3. The deadline is 31 January 2023. There are no plans to extend the filing and payment deadline.

4. HMRC will treat those with genuine excuses leniently, as it focuses on those who persistently fail to complete their tax returns and deliberate tax evaders. The penalties for late tax returns are:

  • an initial fixed penalty of £100 the day after the due date, which applies even if there is no tax to pay, or if the tax due is paid on time
  • after 3 months, additional daily penalties of £10 per day, up to a maximum of £900
  • after 6 months, a further penalty of 5% of the tax due or £300, whichever is greater
  • after 12 months, another 5% or £300 charge, whichever is greater

There are also additional penalties for paying late of 5% of the tax unpaid at 30 days, 6 months and 12 months.

5. HMRC wants to help you get your tax right. While this is the busiest time of the year for us, there’s lots of information and support you can access online without ringing us:

  • HMRC’s digital assistant - the assistant will help you find information, and if you can’t find what you’re looking for you can ask to speak to an adviser.
  • Live webinars where you can ask questions or if you can’t join, you can watch recorded webinars on demand.
  • HMRC app and Personal Tax Account - you can instantly find your Unique Taxpayer Reference, make a Self Assessment payment, get your National Insurance number and get your employment income and history for your tax return.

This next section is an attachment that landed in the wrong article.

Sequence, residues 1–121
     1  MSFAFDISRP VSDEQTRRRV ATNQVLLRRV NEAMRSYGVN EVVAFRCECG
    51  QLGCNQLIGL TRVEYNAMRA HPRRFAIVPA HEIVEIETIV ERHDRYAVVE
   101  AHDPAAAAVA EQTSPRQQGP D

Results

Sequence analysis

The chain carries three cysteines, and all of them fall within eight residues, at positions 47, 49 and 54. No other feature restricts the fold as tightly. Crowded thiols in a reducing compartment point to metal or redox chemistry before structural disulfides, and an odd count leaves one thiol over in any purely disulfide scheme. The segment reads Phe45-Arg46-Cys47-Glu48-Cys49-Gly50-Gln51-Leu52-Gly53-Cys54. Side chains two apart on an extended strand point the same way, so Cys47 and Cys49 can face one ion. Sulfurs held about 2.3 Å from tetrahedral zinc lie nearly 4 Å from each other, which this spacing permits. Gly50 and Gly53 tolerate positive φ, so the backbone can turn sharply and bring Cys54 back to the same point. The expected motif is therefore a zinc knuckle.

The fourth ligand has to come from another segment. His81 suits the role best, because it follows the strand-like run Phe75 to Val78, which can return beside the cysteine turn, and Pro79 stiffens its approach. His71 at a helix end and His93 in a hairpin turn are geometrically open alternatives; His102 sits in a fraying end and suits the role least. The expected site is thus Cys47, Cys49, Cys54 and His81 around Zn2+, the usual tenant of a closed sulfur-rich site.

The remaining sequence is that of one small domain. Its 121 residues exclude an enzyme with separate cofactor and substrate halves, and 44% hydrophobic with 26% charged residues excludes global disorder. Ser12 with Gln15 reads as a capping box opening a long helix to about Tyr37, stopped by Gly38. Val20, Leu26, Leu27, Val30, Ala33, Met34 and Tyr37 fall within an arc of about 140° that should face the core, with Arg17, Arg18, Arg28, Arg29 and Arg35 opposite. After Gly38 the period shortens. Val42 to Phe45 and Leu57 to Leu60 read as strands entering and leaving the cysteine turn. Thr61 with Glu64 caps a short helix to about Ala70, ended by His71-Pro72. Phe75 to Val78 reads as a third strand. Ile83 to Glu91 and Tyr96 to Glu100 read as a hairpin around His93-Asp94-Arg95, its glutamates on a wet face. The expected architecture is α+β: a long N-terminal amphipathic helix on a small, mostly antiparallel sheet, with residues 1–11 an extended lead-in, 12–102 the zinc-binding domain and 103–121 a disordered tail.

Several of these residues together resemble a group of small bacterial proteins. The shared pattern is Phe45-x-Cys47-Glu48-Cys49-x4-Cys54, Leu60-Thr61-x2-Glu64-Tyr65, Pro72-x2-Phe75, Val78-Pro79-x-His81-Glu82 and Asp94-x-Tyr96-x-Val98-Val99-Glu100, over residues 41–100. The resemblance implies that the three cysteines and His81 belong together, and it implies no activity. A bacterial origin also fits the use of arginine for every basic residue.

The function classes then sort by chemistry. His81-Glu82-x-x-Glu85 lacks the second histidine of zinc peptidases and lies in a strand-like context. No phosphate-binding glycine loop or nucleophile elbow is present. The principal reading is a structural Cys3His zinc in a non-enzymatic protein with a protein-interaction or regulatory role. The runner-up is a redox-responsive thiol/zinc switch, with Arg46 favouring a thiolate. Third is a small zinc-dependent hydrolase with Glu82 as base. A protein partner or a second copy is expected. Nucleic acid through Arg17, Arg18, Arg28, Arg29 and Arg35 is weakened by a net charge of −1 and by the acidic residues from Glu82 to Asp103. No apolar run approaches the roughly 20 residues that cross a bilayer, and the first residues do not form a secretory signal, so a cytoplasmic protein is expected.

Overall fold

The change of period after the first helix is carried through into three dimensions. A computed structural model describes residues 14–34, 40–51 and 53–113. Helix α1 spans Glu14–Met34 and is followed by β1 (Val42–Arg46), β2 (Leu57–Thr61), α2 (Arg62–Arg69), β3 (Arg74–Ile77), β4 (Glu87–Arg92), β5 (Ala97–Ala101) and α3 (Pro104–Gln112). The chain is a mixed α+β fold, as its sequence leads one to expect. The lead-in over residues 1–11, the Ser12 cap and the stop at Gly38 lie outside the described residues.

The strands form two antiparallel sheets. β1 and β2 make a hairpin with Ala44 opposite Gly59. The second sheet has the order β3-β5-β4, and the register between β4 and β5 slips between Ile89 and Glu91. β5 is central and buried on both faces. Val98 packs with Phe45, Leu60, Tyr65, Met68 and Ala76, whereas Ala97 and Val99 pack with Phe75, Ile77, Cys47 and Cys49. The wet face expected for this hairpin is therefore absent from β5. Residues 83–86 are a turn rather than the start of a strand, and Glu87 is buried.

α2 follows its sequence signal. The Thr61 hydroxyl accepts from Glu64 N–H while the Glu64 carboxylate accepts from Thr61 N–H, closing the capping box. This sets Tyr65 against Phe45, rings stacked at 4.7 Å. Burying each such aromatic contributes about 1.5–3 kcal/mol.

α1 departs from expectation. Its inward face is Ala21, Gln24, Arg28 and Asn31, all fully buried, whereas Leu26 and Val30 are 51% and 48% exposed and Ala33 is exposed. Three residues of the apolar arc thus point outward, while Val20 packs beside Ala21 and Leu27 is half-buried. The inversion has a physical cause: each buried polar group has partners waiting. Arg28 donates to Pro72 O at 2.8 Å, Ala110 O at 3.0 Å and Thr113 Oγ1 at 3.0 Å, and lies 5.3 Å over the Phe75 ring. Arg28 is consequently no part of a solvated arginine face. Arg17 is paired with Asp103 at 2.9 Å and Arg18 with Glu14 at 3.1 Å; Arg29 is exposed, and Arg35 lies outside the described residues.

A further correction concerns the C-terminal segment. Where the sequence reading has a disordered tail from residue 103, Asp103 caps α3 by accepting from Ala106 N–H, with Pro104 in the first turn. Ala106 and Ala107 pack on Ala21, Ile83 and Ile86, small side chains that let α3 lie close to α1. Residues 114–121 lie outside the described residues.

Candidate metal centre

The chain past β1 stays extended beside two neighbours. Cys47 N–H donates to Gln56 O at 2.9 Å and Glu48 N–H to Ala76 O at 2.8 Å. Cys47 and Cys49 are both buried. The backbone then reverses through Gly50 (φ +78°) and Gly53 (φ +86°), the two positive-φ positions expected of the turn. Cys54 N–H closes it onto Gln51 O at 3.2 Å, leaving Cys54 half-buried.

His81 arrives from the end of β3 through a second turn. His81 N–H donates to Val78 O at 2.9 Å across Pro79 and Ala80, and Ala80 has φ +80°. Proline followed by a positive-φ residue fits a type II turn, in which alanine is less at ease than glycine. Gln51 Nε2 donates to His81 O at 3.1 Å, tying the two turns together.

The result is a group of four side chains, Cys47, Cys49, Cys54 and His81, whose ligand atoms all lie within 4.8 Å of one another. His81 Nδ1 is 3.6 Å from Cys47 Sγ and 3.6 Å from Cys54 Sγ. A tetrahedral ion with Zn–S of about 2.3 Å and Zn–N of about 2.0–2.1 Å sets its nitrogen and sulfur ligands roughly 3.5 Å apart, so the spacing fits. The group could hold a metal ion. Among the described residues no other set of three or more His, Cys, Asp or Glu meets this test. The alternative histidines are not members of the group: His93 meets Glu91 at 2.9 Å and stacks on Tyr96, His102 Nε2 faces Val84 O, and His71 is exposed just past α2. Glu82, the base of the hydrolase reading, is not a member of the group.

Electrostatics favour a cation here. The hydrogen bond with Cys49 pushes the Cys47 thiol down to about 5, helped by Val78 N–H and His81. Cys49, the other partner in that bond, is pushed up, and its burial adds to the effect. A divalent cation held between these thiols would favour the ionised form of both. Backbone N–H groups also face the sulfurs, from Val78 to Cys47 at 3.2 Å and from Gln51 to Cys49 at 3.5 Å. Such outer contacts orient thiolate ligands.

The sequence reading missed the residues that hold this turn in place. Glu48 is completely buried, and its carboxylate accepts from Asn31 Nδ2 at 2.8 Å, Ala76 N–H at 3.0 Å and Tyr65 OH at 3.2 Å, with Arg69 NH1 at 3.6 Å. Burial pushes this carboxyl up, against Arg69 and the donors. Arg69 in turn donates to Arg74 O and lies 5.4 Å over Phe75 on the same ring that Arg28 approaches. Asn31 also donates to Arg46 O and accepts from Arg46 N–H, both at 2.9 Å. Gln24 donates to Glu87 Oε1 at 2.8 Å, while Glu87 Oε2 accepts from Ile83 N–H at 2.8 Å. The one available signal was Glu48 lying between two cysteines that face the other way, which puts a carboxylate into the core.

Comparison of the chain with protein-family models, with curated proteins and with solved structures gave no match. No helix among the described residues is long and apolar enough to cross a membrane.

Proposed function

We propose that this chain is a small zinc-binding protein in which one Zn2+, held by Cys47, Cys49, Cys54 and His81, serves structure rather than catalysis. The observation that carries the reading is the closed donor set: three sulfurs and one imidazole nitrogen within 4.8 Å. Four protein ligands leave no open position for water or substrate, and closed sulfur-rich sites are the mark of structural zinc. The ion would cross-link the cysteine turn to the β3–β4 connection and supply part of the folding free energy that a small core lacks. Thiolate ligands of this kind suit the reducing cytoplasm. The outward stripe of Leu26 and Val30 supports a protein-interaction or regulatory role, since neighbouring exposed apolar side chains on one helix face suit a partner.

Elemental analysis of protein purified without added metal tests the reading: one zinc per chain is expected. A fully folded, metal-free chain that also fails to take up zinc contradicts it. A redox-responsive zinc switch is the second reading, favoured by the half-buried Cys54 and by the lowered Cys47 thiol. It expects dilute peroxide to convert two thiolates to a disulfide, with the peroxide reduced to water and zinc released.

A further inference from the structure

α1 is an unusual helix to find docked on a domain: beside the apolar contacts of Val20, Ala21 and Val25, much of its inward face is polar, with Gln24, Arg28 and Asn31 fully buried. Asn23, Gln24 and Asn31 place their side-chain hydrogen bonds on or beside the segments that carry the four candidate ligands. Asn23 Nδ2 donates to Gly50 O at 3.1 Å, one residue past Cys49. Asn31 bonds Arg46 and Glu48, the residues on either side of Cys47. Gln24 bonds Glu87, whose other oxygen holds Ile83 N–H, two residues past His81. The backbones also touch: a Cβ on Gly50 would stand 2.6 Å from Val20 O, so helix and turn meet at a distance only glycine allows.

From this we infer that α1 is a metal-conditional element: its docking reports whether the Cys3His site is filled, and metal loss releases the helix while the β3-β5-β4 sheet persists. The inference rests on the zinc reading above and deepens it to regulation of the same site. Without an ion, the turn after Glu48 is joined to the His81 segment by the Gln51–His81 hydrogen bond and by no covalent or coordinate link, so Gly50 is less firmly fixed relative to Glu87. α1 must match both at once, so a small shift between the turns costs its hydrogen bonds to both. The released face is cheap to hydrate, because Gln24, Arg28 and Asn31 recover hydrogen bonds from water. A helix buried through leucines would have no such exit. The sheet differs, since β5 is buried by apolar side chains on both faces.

• Social media updates - follow HMRC Twitter @HMRCcustomers to get the latest updates on Self Assessment services and useful reminders. If you need extra support to help your with Self Assessment you can contact a voluntary or community sector organisation who can provide you with help and advice, or you can get support directly from HMRC.

6. Customers who no longer need to complete a Self Assessment tax return need to let us know otherwise we’ll think you’re late with your tax return and may issue a penalty. Find out how to do this on GOV.UK.

7. Customers should include their bank account details when filing, so that if HMRC needs to make a repayment, they can do so quickly and securely.

8. Customers who don’t have a Government Gateway user ID and password will need two forms of evidence to prove their identity. This can include their UK passport and UK driving licence. We are rolling out a new identity checking alternative, which lets them use the camera on their phone to confirm a match with their driving licence.

9. We’re urging customers never to share their Government Gateway user ID and password. Someone using these details could steal from them or make a fraudulent claim in their name.

10. Follow HMRC’s Press Office on Twitter @HMRCpressoffice.

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Issued by HM Revenue & Customs Press Office

HM Revenue & Customs (HMRC) is the UK’s tax authority.

HMRC is responsible for making sure that the money is available to fund the UK’s public services and for helping families and individuals with targeted financial support.

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HM Revenue & Customs (HMRC) is the UK’s tax authority

HMRC is responsible for making sure that the money is available to fund the UK’s public services and for helping families and individuals with targeted financial support.

HM Revenue & Customs (HMRC)